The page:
Violent Crime With Guns in Ward 6 Is Up Over Same Period Last Year
by Larry Janezich
CM Charles Allen convened a Ward 6 Public Safety Meeting to talk about violent crime Thursday night. The meeting, at Watkins School, drew more than 100 residents. Allen told them that to date, there has been an increase in violent crime involving guns over last year: comparing figures as of 11/20/19 with the same period in 2018, violent crime involving guns is up 28% – a 36% increase in assault with a dangerous weapon and a 31% increase in robberies. Overall, however, violent crime in Ward 6 spiked in 2015, declined in 2016 and 17, and leveled out from 2017 – 2019. (See chart below.)
When each of the five ANCs making up War 6 is looked at separately, violent crimes of any kind are up in all ANCs except ANC6E. Homicides are up in ANC6B and ANC6D. Assaults with a dangerous weapon were up in all ANCs except ANC6A. Robberies were up in all ANCs except ANC6E. (See chart below.)
Allen cited his efforts to address the violence, including increasing the penalties for high capacity ammunition magazines and banned bump stocks, writing and seeing passage of the Red Flag law to remove guns in dangerous situations. (See Safety Meeting Presentation details, see here: http://bit.ly/2OAcgqq)
Following up, representatives of several agencies and organizations summarized their role in addressing aspects of violent crime.
Commander Morgan Kane, MPD First District said MPD’s role is to preserve and protect, working with other agencies which deal with violent crime. Kane’s top priority is to remove illegal guns; second is to pay particular attention to repeat offenders. “The emphasis is on focusing on the right people,” Kane said, “some people we have to get off the street.” She noted that currently, “There are a lot of juvenile robbery crews running around.”
Jullian Brevard – Acting Chief, Juvenile Section, Office of the Attorney General, described his agency’s role in prosecuting juveniles 17 years old and younger. (The Office of the US Attorney General prosecutes adults and some juveniles accused of committing more serious crimes that are charged as adults.) Brevard walked attendees through prosecution options and the prosecution process. He said his office was not only about persecution, but accountability and rehabilitation.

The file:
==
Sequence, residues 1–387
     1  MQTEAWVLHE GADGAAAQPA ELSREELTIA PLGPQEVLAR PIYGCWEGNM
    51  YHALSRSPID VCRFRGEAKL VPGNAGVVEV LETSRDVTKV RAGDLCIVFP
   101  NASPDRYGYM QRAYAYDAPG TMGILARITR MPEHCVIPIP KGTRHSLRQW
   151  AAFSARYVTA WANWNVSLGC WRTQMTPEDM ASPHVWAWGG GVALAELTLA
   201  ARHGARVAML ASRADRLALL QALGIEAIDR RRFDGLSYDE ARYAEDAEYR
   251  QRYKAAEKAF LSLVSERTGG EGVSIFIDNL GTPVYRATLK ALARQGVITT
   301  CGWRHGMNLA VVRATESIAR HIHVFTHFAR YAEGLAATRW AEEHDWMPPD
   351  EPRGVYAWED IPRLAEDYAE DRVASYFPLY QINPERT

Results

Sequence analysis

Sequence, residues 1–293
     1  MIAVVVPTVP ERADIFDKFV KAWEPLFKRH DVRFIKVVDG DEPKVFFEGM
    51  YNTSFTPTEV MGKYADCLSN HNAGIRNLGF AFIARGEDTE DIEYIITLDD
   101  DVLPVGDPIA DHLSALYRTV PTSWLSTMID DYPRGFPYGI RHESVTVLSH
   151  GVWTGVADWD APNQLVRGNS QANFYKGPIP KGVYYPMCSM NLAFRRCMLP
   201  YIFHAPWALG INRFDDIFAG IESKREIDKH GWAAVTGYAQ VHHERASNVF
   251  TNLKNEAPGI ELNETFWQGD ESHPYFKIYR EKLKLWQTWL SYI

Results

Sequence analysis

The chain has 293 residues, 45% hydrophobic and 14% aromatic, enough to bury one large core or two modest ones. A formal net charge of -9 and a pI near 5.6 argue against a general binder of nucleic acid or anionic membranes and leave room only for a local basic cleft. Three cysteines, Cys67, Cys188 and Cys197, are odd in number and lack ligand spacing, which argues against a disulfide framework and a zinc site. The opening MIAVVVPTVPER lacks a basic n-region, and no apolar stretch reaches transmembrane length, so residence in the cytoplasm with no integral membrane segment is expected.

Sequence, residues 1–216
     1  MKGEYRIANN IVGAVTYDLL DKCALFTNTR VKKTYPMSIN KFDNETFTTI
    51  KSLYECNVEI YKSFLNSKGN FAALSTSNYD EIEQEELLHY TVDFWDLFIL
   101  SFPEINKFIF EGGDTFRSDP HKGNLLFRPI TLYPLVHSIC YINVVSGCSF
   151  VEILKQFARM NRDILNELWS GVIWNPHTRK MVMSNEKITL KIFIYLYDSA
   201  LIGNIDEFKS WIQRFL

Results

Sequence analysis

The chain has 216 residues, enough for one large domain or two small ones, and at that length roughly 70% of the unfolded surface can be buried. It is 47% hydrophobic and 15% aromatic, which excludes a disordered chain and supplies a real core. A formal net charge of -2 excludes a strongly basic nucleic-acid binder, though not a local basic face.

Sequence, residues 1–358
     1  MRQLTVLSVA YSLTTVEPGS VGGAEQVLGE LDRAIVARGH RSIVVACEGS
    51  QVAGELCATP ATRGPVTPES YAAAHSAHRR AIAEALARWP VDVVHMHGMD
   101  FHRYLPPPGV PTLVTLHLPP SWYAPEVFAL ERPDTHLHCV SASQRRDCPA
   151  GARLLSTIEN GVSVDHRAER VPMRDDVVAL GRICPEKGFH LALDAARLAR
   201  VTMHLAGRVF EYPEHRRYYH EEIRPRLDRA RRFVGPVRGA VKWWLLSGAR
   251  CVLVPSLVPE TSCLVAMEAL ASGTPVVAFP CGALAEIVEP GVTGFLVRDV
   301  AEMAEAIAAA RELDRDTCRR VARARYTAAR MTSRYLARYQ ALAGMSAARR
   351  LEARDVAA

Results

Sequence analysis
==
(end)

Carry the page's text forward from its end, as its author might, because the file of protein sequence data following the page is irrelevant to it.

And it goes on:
Dell McFaddon, Executive Director of the Office of Neighborhood Safety and Engagement spoke on the NEAR Act and his office’s efforts to head off violent crime, using violence interrupters in troubled neighborhoods. In addition, his office administers the Pathways Program, working with 50 high risk individuals who have encountered the criminal justice system through multiple arrests or have been the victims of crime, to help normalize their lives.
Eric Weaver, founder, Neighborhood Association for the Advancement of Returning Citizens, is concerned with the problems faced by returning to the community after being incarcerated. He said, “It’s important how we want them to return and how we treat them when they do return. Most returning citizens coming home want to do right. When they are not accepted in the community, they are more likely to return to crime.”
Rachel Usdan, DC Chapter Leader of “Moms Demand Action for Gun Sense in America,” spoke of the efforts of the national organization of volunteers to pass gun safety laws.
After those presentations, the meeting’s format departed from the usual audience back and forth between the attendees and officials. Instead, Allen asked attendees to participate directly in a conversation in one of three areas. Allen asked the audience to divide into three groups to discuss: 1. Safe passage to and from school, 2. Violence interruption, and, 3. Returning citizens.
After the audience reassembled and the groups reported on points raised during the discussion, Allen said it was important for the community to sit down and engage in these conversations. He said what he was hearing was that solutions require hard work and a multifaceted approach – a holistic approach involving pulling a lot of levers (referring to the engagement of numerous agencies simultaneously). He said we also have to do a better job with coordination and communication – “I often think we have one community which is one, two, or three communities which don’t talk to each other. The question is how to knit them back together.
Asked for reaction, ANC6B Commissioner Jerry Sroufe told Capitol Hill Corner that he welcomed a meeting which was not sparked by community concerns over a specific incident, as well as the change in format. He expressed concern about the rise in the statistics showing an increase in violent crime in Ward 6. And he said he thought that small group discussions were more productive than the usual random Q & A or comments typical of many public safety meetings.